Online Medical Reference

Acne and Rosacea

Jennifer L. Lucas

Kenneth J. Tomecki

Published: August 2010

Acne

Definition

Acne is a chronic inflammatory disease typically involving the face, neck, upper torso and shoulders and characterized by comedones (blackheads and whiteheads), oily skin, and inflammatory papules, pustules, cysts, or nodules.

Prevalence and Risk Factors

Affecting 40 to 50 million people in the United States, acne is the most common skin condition. It is predominantly a disease of teenagers and affects boys more commonly than girls. Resolution typically occurs by age 25 years. Adult acne occurs less often and is more common in women.1 Mechanical or frictional forces (frequent washing, headgear, hats) and occlusion (cosmetics, hair products) can aggravate or induce acne. Numerous medications can produce acneiform eruptions (corticosteroids, anabolic steroids, anticonvulsants, lithium, potassium iodide, bromides, and isoniazid). Chloracne, a subtype of acne, occurs after exposure to chlorinated aromatic hydrocarbons.

Pathophysiology and Natural History

Acne is a follicular disease consisting of a comedonal and inflammatory stage. Defective keratinization produces a hyperkeratotic plug that blocks the opening of the pilosebaceous unit, forming a comedo. Seborrhea (increased sebum production) dilates the follicle and leads to subsequent bacterial overgrowth. Propionibacterium acnes, a colonizer of the follicle, proliferates, leading to leukocyte invasion and rupture of the follicle. The follicular contents and bacterial metabolites produce an inflammatory response, forming papules and pustules. Androgens, mainly dehydroepiandrosterone sulfate (DHEAS), stimulate sebaceous gland enlargement and secretion, which exacerbate the cycle.2 Postinflammatory hyperpigmentation and scarring are common residua.

Signs and Symptoms

Acne often begins with open and closed comedones (whiteheads and blackheads) followed by inflammatory papules and pustules on the face, neck, chest, back, and shoulders (Fig. 1). Occasionally cysts and nodules are also present. Most patients have increased sebum production and oily skin.

Acne severity is commonly categorized as3:

  • Mild: Comedones and some papules or pustules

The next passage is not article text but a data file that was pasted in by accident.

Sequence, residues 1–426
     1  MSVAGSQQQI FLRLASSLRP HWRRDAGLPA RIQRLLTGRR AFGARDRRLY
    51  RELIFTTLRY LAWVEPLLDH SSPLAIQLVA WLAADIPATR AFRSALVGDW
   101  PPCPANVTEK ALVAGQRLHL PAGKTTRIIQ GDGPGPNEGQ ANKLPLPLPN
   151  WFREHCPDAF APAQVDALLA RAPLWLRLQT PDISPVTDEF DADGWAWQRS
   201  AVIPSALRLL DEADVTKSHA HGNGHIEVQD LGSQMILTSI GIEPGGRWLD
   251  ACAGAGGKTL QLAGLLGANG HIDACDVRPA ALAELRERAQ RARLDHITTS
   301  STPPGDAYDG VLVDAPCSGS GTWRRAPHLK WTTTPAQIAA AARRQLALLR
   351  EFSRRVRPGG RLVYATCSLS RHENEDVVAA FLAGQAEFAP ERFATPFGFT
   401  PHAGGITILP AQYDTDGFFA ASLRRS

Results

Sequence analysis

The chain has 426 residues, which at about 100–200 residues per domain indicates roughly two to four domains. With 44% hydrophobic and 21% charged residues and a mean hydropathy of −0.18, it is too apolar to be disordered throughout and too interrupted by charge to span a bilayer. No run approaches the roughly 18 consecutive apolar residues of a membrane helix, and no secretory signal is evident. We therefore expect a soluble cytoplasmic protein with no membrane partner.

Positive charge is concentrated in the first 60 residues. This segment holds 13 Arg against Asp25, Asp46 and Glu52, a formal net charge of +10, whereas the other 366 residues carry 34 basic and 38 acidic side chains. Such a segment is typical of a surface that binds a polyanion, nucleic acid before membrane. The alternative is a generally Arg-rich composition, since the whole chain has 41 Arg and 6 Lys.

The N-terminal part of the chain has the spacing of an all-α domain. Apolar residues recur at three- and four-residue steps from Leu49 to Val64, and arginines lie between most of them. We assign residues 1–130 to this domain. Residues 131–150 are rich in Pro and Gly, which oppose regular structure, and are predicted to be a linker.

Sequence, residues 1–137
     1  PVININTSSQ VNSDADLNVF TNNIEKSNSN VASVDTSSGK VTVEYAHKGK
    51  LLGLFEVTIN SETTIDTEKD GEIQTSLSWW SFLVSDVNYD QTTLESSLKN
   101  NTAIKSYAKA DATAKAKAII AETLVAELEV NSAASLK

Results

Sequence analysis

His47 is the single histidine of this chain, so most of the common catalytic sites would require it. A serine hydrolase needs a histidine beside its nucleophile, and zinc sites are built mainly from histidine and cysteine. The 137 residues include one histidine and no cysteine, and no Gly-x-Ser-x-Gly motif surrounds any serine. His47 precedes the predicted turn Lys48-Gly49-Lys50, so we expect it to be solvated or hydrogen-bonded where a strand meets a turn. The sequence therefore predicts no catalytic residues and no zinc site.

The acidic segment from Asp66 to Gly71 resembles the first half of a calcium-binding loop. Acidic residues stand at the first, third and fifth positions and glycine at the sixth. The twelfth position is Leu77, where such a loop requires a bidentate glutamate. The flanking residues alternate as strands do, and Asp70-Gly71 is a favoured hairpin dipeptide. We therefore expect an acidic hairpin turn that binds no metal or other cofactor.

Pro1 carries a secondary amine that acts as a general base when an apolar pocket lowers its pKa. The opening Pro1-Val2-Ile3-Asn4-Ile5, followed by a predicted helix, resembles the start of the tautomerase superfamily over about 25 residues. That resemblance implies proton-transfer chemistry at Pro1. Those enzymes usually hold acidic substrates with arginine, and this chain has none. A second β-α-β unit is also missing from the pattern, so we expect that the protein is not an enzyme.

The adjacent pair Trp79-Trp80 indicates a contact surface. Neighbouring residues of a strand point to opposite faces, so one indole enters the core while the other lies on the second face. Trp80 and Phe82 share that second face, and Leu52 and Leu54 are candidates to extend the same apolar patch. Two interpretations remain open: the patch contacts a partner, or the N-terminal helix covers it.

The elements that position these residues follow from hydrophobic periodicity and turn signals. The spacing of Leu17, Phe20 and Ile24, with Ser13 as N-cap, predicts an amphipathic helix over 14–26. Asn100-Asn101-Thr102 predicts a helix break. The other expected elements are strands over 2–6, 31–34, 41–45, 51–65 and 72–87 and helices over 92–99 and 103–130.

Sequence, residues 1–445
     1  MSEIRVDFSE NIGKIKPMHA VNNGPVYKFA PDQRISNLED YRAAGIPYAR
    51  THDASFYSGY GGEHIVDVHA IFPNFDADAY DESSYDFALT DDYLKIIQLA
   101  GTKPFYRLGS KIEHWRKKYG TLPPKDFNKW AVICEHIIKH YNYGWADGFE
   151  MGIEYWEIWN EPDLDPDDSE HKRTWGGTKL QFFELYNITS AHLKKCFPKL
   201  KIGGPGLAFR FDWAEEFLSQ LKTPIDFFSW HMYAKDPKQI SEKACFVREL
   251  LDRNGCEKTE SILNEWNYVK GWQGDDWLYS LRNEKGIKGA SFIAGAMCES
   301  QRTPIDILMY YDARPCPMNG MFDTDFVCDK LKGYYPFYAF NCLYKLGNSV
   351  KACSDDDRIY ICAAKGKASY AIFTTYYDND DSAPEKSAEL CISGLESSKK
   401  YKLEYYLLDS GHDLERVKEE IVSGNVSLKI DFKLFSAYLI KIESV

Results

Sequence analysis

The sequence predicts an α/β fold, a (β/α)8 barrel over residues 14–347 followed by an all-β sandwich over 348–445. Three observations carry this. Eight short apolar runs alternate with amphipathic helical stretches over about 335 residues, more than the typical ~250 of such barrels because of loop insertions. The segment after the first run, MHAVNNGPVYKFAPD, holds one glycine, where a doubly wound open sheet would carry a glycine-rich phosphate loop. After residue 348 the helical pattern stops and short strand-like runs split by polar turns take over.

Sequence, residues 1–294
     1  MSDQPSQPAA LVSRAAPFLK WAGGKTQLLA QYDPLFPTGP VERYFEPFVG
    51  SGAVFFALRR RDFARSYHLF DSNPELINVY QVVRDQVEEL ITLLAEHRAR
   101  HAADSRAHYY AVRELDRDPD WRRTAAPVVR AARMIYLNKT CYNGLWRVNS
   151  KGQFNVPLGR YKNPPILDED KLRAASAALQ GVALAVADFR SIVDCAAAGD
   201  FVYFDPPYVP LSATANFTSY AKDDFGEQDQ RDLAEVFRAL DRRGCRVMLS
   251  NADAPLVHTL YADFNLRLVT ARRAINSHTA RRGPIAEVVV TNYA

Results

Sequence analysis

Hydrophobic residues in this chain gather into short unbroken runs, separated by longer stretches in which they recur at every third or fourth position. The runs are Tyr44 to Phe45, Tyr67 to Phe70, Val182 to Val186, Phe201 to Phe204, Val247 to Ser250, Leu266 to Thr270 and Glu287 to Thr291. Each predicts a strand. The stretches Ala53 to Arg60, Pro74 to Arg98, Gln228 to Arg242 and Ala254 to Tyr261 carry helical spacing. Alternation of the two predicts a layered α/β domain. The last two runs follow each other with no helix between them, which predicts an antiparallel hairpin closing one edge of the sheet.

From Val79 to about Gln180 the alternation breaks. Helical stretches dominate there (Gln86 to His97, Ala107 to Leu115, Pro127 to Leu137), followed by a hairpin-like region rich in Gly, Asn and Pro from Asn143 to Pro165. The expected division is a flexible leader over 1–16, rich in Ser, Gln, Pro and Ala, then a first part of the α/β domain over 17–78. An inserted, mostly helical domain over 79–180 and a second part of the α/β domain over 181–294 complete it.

• Moderate: Several papules, pustules, and comedones with increased truncal involvement
  • Moderately severe: Many papules, pustules, and comedones; nodules; and widespread involvement (face, chest, shoulders, and back)
  • Severe: Nodules and cysts

Acne conglobata is a severe form of truncal acne characterized by deep inflammatory cysts and nodules, often with interconnecting sinuses and fistulas (Fig. 2). Acne conglobata with systemic involvement, including fever, arthralgias, and leukocytosis, is referred to as acne fulminans.

Inflammatory and traumatized disease often yields hyperpigmentation and scarring, most commonly on the cheeks with an ice-pick or atrophic appearance. These residual changes are usually permanent but become less apparent with time.

Acne can affect a patient's self-esteem, confidence, and sense of well-being. Some patients become depressed.

Diagnosis

Acne is a clinical diagnosis. Evaluation should include inquiry about current and previous treatments, cosmetics, and systemic medications. In female patients, hirsutism, menstrual irregularities, androgenic alopecia, perimenstrual flares, and recalcitrant or late-onset acne should suggest the possibility of androgen excess.

Laboratory tests are usually not necessary. However, signs of androgen excess deserve further evaluation for elevated serum DHEAS and free testosterone.

The differential diagnosis of acne includes rosacea, acneiform drug reactions, folliculitis, gram-negative folliculitis, and pseudofolliculitis (ingrown hairs).

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Summary

  • Acne is a common, benign disease of the pilosebaceous apparatus.
  • Acne is characterized by comedones, papules, and pustules in teenagers and young adults.